Como & Bergamo to attract Milan
I think I paid my 11 year-break to Italy this past year by visiting it twice, and there you have a post on one. Milan, why, right? When you’ve heard of all the - not so positive – comments, why on earth think about it? Well, first of all, popular cities were already out of the list. Second, it was affordable for a last minute option. Third, I found other excuses to visit the area; like Bergamo & Como, to combine with! Then the trip sounded quite doable and attractive. If you plan on a long weekend, this could be a good route. If you have more time, of course spend a night at each.
I was thinking of using Milan as a base but hey when I checked the map Bergamo looked much better, with regard to distances to each (and also for my flights landing to / departing from Bergamo). I find it easier to visit daily than pack each day and go thorugh the trouble of finding different accommodations, you know. Depending on your airport (Linate / Bergamo / Malpensa) you can figure out your own itinerary. For instance the choice with Malpensa could include Lake Lugano / Maggiore. Anyway, here’s my “been there, done that”, keep reading.
The region where all belong is in fact Lombardy, one of the 20 administrative regions of Italy, in the northwest of the country. The most populated and developed region is known for its exquisite vine yards, great lakes and a breathtaking mountain chain. The region has countless other distinctive facets, too, however, we’ll take a sneak look at 3 provinces . Let’s see if nature, history, art in harmony with technology & fashion will captivate you to be dragged.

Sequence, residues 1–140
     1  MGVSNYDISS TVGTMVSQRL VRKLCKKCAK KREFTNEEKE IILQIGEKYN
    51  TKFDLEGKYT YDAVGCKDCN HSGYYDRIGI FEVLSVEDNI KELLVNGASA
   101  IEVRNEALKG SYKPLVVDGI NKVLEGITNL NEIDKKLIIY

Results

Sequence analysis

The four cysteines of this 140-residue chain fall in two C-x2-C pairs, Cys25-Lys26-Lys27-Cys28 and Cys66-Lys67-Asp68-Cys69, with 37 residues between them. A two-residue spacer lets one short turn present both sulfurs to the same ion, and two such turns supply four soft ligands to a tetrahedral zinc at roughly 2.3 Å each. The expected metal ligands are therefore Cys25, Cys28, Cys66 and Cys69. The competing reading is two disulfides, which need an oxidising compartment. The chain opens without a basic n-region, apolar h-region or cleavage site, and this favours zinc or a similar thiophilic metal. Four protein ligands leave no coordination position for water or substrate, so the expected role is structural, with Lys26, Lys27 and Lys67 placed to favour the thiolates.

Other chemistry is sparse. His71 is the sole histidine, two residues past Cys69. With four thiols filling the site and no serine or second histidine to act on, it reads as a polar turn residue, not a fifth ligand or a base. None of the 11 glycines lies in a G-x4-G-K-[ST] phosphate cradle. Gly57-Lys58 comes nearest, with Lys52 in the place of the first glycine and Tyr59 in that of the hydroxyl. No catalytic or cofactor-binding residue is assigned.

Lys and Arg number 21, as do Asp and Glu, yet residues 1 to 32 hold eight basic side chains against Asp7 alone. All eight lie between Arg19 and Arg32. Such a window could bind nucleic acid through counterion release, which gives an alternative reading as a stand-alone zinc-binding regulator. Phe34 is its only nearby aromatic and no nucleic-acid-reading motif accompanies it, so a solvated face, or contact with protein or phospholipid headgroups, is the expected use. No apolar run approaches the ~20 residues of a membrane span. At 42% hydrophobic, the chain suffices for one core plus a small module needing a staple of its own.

As a base, Bergamo deserves to be the first on the list. Not as popular as the other two, I didn’t have big expectations from Bergamo. And that’s when you’re – hopefully- dazzled, right? I really was happy to have visited this cosy province. A good combination of modern & antique; you have a historical old town (Città Alta) taking you to centuries ago whereas the new town (Città Bassa) is full of people, students rushing to jobs, schools. Ideal for both winter & water sports, and hiking, Bergamo can be a wildcard destination with its variety of offerings.
Accessible by funicular, bus or footpaths, Citta Alta is characterized by cobblestone streets, well-preserved palaces, city walls, churches and squares. Imagine a city, once home of the Celts, Gauls, Romans, Huns, Venetians and the Dukes!
Piazza Vecchia, the centre of the old town, and the adjacent Piazza Duomo are home to some of Bergamo’s most iconic landmarks such as;
Basilica di Santa Maria Maggiore (Doumo): the interior of this magnificent Gothic Romanesque cathedral is absolutely mind-blowing. The elaborate frescoes and tapestries are particularly impressive; my favourite, the chandelier hanging from the ceiling.
Capella Colleoni: on the Renaissance facade, you will love a vibrant play of colours on the marble, coated in colors of white and pink.
Baptistery: this octagonal neo-Gothic Baptistery on the outside, has the statue of John the Baptist along with 8 statues of the Virtues and on the inside bas-reliefs of episodes of the life of Christ.
Palazzo della Ragione & Campanone: the old town hall and Civic Tower.
Galleria dell'Accademia Carrara: displays one of the best art collections in Italy.
Castle of San Vigilio and Botanical Gardens: if you have time and wanna look from heights, take the second funicular from the Citta Alta to reach the summit.
You can see the city’s elegance even on the streets. Ugo Riva's "Anima Mundi" ( soul of the world) sculpture installed in Largo Porta Nuova, Bergamo, is such an elegant piece of art. His romanticized classicism is mainly inspired by human being and body. In 2011, he realized an exhibition commisionated by “Fondazione del Credito Bergamasco” for the 120th anniversary of the Bank. Hence the occasion, this statue is right in front of the very bank.